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IDEX: China Shipbuilder Calls for Greater Cooperation with U.S. Firms

Feb. 17, 2013 - 04:00PM   |  
By CHRISTOPHER P. CAVAS   |   Comments
Lockheed Martin's 85-meter corvette is derived from its Littoral Combat Ship design.
Lockheed Martin's 85-meter corvette is derived from its Littoral Combat Ship design. (Chris Cavas / Defense News)
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ABU DHABI — China and the U.S. are missing opportunities for joint military sales, one shipbuilding representative said Sunday, urging greater cooperation rather than competition between the two countries.

“We want to cooperate with U.S. firms,” said Bo Li, a project manager with China Shipbuilding and Offshore International Co. (CSOC), a major shipbuilding group that builds a range of naval and commercial ships for domestic and foreign customers.

“We want to talk with them, with Raytheon and Lockheed Martin, but they won’t talk with us,” Bo said.

Pointing to a number of models on display here during the opening day of the International Defense Exposition (IDEX), one of the Gulf region’s key defense trade shows, Bo said China has a growing number of naval customers who would benefit from Chinese-built ships outfitted with U.S. systems.

“Bangladesh, for example, might want a frigate with a Mark 41 vertical launch system made by Lockheed, but with a Chinese combat system,” Bo said. “We want to connect those seamlessly. But they resist talking with us.”

He acknowledged the competition between the two nations.

“There is not one single reason China and the U.S. should fight each other,” he said. “We are losing opportunities for both of us.”

While the large Chinese displays at IDEX showcased various frigate, corvette and patrol ship designs, CSOC also displayed a model of a large LPD amphibious dock ship, similar in configuration to the French Mistral class.

It was the second time the model had been shown internationally, Bo said, having made its debut late last year in Thailand, which is considering the purchase of such a ship.


Lockheed Martin at IDEX is prominently displaying a smaller derivative of its Littoral Combat Ship (LCS), dubbed the Multi-Mission Combat Ship (MMCS), aimed at several potential customers.

The 85-meter-long MMCS can be configured in a variety of ways, explained Joe North, Lockheed’s LCS director. Powered by diesels rather than the combined gas turbine-and-diesel power plant of the LCS, the MMCS still features water jets rather than conventional propellers. North claimed the hangar can accommodate two H-60-sized helicopters — with one stowed tightly — and the ship retains reconfigurable mission zones, with two instead of the LCS’s three spaces.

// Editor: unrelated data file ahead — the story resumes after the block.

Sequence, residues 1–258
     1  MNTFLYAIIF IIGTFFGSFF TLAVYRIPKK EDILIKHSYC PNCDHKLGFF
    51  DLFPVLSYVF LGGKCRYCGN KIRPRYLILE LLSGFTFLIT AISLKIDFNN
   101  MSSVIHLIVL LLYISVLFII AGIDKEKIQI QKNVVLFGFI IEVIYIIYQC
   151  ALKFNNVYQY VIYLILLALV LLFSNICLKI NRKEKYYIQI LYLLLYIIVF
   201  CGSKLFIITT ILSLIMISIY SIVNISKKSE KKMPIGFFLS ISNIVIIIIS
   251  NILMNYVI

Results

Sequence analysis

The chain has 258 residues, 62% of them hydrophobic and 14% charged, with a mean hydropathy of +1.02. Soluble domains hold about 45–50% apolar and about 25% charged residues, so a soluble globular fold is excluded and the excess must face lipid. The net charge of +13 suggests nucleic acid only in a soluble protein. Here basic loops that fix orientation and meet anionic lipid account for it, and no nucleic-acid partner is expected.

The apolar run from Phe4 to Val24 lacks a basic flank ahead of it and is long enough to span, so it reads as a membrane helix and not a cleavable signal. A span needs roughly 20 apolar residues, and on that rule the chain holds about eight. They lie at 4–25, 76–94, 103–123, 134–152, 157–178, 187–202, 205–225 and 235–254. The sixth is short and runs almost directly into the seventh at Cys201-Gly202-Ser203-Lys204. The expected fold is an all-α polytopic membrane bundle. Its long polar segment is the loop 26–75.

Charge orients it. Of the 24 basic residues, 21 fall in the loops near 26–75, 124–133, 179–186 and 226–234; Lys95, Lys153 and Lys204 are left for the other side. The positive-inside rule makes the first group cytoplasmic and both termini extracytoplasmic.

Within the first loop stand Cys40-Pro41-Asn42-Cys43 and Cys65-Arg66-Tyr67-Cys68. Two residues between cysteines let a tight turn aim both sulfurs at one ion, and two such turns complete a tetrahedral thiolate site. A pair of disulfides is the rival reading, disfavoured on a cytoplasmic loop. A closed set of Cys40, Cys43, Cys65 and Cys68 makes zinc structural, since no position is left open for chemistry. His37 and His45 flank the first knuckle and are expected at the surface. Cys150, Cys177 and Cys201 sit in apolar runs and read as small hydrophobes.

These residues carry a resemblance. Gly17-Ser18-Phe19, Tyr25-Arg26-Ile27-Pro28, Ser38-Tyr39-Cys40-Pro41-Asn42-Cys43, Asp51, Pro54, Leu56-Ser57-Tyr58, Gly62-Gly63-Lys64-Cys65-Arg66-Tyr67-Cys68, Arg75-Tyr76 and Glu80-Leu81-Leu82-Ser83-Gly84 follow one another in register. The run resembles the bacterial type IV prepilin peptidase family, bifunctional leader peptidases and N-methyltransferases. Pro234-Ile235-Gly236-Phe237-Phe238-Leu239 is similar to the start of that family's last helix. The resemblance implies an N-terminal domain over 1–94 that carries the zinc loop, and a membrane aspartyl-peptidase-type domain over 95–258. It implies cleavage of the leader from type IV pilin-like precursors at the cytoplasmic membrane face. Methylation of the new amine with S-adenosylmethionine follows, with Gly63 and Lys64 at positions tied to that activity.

The ship can carry a 76mm or 57mm main gun and an eight-cell vertical launch system, and the model on display – fitted with many options, North said – was topped by an Australian CEAFAR active phased-array radar. Depending on the customer’s requirements, the ship can be manned by crews of between 50 and 100 sailors, North said.

“It’s a flexible design, using a proven hull form,” he said, “but with fixed systems, not the mission package approach of the LCS.”

While declining to name a specific potential buyer, North said Lockheed had at least four potential customers for the ships.


Nearby at the waterborne displays of the associated Naval Defense Exposition (NAVDEX), the small missile boat Al Bazam lay as an example of the UAE’s growing shipbuilding capabilities.

The vessel, the second unit of a planned 12 ships of the Ghannatha phase two program, is so new it has yet to be delivered, said Oscar Correa, program manager for Abu Dhabi Systems Integration, which is handling the combat systems for the ships.

The hulls for the first three units are built at Swedeship Marine in Sweden and shipped to Abu Dhabi Shipbuilding’s Mussafah shipyard for combat system installation, Correa said, while the rest of the class will be built entirely at Mussafah.

With diesel propulsion, the Ghannatha-class ships hit speeds in the upper 40-knot region – Correa said the ships had touched 49 knots on trials. They are fitted with an automatic 27mm gun and Marte Mark 2 anti-ship missiles.

Abu Dhabi also is in the market for a new class of offshore patrol vessel, Correa said, and is in talks with Australia’s Austal Shipbuilding about their MPV 80 design. Still to be determined, he said, is the combat system, which could come from Selex, Thales or Saab.

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